No one is thinking “Moonwalk” as Kim and Mr. Jonathan are sitting patiently waiting to be called to dance in this “Spotlight” Jack and Jill. Spotlight simply means that the competitors will be dancing one couple at a time. Events will often do this when they don’t have enough pros for a proper dinner show…The competition heats become the show.
Just prior to going on Mr. Jonathan noticed that every song that was being played was not only the same tempo but also the same genre…hiphop. With a twinkle in his eye he leaned in and asked Kim how good her moonwalk was and a look of shear horror covered her face!
“Moonwalk!?” She whispered through her teeth, “What the hell are you talking about!?”
“Never mind” Mr. J replied, “Please forget I even asked, I didn’t mean to freak you out” They both straightened up in their seats and their names where called…Here is what happened!
In Jack and Jill competition you can take first place with out all of the judges placing you in first. When every judge gives you first it is the highest honor that can be bestowed upon a competitive couple. The expression is “getting a picket fence.” Mr. Jonathan and Kim Moonwalked their way to that picket fence on both of their very first competitions. They remain friends to this day and still love dancing with each other.
Mr. Jonathan was asked to choreograph a 2.5 minute routine with one of the teachers at a local middle school for one of their annual fundraisers. Thanks to the hard work from his partner Megan and some fun choreography, they managed to take first place!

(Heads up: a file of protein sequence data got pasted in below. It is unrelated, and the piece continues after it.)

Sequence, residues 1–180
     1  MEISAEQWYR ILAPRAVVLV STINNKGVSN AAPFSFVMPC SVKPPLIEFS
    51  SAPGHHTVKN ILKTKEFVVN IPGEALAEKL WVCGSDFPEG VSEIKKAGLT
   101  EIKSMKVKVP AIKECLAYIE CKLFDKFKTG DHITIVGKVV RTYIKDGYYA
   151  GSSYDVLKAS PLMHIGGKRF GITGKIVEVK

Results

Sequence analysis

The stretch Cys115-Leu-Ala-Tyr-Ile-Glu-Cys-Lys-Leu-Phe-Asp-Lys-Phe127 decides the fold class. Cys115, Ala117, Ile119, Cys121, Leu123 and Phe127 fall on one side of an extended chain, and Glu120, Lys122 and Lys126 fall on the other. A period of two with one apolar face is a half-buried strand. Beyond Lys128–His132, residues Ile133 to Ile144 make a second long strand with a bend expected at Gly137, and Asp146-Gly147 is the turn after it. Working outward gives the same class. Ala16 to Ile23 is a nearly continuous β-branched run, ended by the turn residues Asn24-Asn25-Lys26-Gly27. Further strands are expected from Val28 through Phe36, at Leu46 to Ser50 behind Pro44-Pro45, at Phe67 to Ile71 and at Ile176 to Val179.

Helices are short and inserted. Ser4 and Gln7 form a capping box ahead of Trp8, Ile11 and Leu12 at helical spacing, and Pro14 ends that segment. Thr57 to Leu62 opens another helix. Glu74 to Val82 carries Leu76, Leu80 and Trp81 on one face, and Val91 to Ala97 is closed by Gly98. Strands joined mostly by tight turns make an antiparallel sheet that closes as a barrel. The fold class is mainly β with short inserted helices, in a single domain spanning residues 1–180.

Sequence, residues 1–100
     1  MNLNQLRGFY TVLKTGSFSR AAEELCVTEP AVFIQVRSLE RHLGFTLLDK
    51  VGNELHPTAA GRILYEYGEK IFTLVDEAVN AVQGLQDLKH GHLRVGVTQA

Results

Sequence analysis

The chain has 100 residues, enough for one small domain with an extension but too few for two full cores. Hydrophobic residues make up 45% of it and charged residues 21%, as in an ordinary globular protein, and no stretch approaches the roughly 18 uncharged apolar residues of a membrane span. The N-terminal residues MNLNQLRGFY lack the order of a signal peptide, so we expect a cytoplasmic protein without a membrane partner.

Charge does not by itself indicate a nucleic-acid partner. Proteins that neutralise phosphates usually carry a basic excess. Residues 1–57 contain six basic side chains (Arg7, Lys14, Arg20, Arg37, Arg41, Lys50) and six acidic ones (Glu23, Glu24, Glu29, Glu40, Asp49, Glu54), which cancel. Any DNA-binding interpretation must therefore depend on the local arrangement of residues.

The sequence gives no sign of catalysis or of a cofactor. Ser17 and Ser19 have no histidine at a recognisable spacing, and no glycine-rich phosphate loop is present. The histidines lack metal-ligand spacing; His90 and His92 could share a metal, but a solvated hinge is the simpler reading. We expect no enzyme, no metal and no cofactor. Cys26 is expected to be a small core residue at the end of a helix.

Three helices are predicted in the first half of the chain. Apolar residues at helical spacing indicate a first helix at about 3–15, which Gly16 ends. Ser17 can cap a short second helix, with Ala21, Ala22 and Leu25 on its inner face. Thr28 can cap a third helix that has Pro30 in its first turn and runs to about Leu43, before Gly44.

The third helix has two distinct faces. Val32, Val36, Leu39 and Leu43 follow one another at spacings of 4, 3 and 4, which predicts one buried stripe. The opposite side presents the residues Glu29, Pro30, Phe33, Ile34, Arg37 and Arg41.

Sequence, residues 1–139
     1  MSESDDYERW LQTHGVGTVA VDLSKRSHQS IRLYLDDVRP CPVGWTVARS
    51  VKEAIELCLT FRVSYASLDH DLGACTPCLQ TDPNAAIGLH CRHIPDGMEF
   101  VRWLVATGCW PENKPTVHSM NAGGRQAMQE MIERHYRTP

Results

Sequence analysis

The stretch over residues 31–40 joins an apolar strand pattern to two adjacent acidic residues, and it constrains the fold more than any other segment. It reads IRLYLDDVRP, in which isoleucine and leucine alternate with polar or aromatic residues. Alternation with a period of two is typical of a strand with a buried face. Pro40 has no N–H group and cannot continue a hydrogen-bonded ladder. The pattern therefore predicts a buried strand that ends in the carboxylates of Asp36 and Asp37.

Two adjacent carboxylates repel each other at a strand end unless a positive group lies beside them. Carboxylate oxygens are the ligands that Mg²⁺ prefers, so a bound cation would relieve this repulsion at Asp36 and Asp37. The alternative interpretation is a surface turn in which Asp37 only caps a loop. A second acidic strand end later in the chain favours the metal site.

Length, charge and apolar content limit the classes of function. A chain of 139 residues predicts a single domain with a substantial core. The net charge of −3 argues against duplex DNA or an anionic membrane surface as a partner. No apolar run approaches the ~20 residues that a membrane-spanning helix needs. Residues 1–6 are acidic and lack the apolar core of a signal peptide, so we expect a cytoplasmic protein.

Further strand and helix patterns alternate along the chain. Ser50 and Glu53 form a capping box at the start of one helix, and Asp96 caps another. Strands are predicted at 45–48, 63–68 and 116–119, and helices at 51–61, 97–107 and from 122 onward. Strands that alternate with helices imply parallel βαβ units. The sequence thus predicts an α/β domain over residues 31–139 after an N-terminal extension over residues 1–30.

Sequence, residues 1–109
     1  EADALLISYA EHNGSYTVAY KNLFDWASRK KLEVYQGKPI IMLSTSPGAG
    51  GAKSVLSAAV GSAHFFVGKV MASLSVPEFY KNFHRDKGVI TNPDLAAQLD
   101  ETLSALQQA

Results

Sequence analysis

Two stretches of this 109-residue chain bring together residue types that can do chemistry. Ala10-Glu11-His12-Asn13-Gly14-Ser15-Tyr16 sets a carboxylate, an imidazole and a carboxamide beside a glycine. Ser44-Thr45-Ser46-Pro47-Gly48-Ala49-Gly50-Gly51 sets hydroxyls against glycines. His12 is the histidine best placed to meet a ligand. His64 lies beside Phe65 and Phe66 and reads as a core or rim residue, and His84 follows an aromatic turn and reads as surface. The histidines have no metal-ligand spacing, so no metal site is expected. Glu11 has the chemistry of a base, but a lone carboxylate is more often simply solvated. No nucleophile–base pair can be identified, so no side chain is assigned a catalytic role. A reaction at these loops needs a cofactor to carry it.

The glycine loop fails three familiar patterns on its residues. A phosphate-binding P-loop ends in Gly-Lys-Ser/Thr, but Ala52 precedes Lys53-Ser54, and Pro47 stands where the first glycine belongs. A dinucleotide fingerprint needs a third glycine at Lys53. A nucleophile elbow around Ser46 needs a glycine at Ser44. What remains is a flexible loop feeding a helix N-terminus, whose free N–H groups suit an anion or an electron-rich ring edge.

Mr. Jonathan’s Favorite Charity
YouthStorm, Inc., founded in 2000 as a nonprofit organization for leadership development in youth services, has a rich history of partnering with parents, schools, churches, communities, and non-profit organizations to more effectively reach and support young people and their families. This has been accomplished through a wide array of activities and programs including conferences, camps, special events, training seminars, community service initiatives, internships and mentoring. Our vision is to unite, equip, and mobilize young people to understand their identities, to effectively fulfill their purposes, and to authentically impact their communities and world.
Here are 3 ways to perform Tuck Turns in WCS. The final way is a fun way to also transition into a whip.
What is a Tuck Turn?
A tuck turn is a 6 count basic beginning as a led inside turn or roll where the leader interrupts the follower’s rotation on 3. He changes her direction to an outside rotation beginning on the “&” count. By count 4 she is walking out of the pattern to her right and riding the leader’s connection all the way to the end of the slot.
The Lead hand on nearly all patterns in WCS is determined by which of the leader’s hands is the lowest or the closest to the center of the follower. As you can clearly see in the open tuck variation, the leader only needs the hand on the follower’s back (closest to her center). In the standard tuck the lead hand is the right hand which is the lowest in the pattern.
Where to Find Teaching Tuck Turns Mr. Jonathan
You can start Learning Tuck Turns and all other WCS patterns with me at Longfellow’s Club JoEllen every Sunday night from 6-6:45 Two-Step and West Coast Swing 6:45-7:30. On the Second Sunday of the month I am also the DJ. The club is located at 524 Boston Post Rd Wayland, Ma. Its $15 to attend the lessons, the dance, or both.
Look no further than this video with 2 fun whip exits and variations
Where to Find Mr. Jonathan
You can start Learning more fun whip exits and variations with me at Longfellow’s Club JoEllen every Sunday night from 6-6:45 Two-Step and West Coast Swing 6:45-7:30. On the Second Sunday of the month I am also the DJ. The club is located at 524 Boston Post Rd Wayland, Ma. Its $15 to attend the lessons, the dance, or both.